Posted by: bklunk | October 15, 2006

A Hot Topic

It is good to see YoungPilgram blogging on this very hot topic:

Negotiations with Sudan

The Sudanese government has rejected the deployment of a 22,000 strong U.N. force.Any military action from the U.S. will be rejected because Sudan is an Islamic regime. The Sudanese government has also stated that Al-Qaeda will attack non-African forces in Darfur. This is quite a possibility because Sudan has long hosted Osama bin Laden and his businesses.Now the question we must ask is should we take Sudan by force,or negotiate in a diplomatic way? British Prime Minister Tony Blair believes bribing the Sudanese government with debt relief aid will get them the admit U.N. peacekeepers, but others believe a more forceful tactic is needed. So will violent acts bring peaceful solutions, or should we give Sudan another opportunity to negotiate?

Could we see the source YoungPilgram is referring to here?  It would be useful to see just what the source had to say.  Otherwise, we cannot evaluate how YoungPilgram is addressing the matter.  One has to wonder (a) because it seems highly unlikely that the US would be involved in any peacekeeping force and (b) nobody really recommends taking Sudan by force.  It’s a huge country.  Still, the questions raised are useful and I will look forward to YoungPilgram discussing them more in future:  how can the outside world effectively intervene to stop genocide in Sudan?

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Responses

  1. I think that taking Sudan by force, at this point, would not be the best idea. I think that giving aid in the forms of money and goods would be the fastest way to gain the governments support and allow U.N. peacekeeping troops in. Sudan seems way to unstable to allow forceful entrance, the government is going downhill and cannot control its own land or people, Sudan has and still is housing terrorist organizations, the country has pretty much no economy. The government is in need of money and control; if the U.N. were to strike some sort of deal trading goods and aid for entrance of peacekeepers I have a good feeling that the government would eventually take the deal. I think waiting out for a deal would save more lives then any military action would, and citizens could be more welcoming to troops if they had aid coming in. And not have a force takeover would also make some people more willing to cooperate with the troops.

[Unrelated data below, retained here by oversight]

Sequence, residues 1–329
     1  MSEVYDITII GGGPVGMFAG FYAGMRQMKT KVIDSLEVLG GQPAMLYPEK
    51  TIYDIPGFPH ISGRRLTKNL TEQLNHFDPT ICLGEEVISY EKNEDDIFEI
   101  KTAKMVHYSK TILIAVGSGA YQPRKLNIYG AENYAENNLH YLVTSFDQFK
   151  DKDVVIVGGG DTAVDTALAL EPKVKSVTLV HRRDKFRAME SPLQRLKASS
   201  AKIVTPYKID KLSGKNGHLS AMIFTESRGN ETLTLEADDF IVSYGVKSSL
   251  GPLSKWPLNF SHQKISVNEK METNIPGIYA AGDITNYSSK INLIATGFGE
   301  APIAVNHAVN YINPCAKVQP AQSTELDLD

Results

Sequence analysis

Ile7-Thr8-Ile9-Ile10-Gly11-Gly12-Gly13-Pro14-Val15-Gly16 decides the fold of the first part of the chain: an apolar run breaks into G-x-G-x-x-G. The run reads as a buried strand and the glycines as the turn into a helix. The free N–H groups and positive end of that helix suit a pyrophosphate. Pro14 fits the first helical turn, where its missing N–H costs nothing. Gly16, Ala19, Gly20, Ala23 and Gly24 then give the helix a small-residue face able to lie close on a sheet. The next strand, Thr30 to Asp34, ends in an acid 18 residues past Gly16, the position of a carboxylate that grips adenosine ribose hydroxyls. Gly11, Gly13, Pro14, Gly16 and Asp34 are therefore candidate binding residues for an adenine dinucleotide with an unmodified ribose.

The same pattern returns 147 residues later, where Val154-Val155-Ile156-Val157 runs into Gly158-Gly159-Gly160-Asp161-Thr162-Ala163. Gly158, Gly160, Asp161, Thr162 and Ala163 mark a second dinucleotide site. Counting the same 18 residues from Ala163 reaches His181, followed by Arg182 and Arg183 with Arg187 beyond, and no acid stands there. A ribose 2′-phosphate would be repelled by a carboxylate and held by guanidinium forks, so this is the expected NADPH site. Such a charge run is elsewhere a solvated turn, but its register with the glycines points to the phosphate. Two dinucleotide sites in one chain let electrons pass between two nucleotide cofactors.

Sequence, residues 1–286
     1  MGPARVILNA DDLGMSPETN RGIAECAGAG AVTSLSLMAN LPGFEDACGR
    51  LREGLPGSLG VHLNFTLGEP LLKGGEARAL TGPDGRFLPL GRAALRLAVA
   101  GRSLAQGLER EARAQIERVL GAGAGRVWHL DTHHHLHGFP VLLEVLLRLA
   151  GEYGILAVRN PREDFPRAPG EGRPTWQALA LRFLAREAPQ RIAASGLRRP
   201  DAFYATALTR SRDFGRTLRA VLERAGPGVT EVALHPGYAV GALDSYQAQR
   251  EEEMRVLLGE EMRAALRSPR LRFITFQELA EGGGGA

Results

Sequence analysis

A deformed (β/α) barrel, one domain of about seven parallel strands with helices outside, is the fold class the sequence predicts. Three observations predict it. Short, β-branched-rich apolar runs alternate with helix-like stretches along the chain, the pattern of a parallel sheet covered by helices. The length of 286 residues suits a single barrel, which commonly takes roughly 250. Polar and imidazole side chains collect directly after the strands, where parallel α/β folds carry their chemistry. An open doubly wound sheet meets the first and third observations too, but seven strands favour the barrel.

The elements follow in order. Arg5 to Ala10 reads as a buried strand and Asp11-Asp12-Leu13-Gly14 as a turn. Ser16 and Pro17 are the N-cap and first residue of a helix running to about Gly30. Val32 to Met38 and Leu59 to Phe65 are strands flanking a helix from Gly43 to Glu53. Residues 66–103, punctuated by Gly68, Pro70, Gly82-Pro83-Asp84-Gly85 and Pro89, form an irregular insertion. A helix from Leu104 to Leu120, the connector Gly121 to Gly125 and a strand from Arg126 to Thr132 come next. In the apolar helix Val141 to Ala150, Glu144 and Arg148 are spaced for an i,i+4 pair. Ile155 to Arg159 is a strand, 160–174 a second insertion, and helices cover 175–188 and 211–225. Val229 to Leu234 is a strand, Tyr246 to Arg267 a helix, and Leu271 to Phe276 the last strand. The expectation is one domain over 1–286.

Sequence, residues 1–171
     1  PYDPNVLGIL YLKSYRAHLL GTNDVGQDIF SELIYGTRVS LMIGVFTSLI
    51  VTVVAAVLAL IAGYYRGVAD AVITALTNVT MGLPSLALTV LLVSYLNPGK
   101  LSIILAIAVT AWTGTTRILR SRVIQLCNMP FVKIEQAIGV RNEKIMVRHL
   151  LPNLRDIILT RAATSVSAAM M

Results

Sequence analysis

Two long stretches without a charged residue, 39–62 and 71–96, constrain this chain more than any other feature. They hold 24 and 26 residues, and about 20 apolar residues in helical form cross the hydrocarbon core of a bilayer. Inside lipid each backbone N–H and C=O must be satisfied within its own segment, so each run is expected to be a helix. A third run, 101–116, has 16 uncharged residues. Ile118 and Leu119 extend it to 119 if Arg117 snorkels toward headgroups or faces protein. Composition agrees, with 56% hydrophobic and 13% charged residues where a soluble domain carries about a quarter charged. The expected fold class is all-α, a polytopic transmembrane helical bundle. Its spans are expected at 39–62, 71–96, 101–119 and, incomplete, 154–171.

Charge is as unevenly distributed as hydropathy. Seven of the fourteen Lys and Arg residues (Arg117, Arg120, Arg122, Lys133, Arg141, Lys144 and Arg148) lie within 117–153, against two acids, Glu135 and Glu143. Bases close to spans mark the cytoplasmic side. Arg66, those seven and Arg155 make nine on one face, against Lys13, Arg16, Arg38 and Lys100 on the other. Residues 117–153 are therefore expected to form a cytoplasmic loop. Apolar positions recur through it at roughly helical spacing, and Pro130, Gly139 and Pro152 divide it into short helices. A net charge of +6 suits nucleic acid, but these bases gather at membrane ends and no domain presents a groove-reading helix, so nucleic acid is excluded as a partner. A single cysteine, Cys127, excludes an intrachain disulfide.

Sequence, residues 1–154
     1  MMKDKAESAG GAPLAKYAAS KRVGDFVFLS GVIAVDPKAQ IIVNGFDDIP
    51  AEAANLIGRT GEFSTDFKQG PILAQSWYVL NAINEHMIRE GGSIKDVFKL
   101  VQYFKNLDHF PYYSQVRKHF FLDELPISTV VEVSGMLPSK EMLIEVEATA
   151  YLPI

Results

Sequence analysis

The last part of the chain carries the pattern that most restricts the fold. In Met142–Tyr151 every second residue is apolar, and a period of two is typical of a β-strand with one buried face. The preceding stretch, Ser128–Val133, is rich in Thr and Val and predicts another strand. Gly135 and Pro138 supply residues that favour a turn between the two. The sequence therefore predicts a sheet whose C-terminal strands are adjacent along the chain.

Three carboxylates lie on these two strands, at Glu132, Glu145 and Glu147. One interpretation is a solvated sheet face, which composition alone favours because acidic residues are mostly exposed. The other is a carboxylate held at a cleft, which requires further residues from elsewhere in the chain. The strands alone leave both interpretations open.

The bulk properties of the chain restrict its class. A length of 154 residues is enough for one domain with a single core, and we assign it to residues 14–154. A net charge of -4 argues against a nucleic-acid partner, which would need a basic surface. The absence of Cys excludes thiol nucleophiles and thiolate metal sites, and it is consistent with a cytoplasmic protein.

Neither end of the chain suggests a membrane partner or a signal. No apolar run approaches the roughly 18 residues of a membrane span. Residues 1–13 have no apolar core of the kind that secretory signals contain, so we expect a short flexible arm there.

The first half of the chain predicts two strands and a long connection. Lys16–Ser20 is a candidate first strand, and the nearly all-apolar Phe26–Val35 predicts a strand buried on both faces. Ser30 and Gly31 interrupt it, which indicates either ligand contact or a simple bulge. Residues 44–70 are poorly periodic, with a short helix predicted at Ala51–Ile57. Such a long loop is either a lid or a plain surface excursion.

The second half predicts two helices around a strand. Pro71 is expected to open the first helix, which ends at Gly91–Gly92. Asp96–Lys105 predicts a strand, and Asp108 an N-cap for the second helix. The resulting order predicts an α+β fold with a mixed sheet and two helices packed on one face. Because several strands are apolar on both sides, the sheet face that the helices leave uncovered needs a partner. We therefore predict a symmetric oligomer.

2. I disagree. I don’t think giving funds to the Sudanese government is going to help anything. If the governmental officials are already using the current funds to carry out these acts, what good would it do to give more funds that they could use for the same purpose? Why support a government that is helping to carry out these attrocities? Corruption within the government is one of the major issues that African nations are dealing with and the world should not be involved in allowing the leader to profit off of the hardships of the people. There has to be another way to make sure that the people of Sudan get the things they need without just giving money to the government.

  3. Since Osama bin Laden had his first terrorist home in Sudan, all caution should be taken when approaching this topic. Taking Sudan by force will not be good. The US is already involved in Iraq. Unless the European countries want to take on Sudan, then by all means if force is all that can be done then it shold be done. It will lead to war and I despise war but it’s something that’s necessary.

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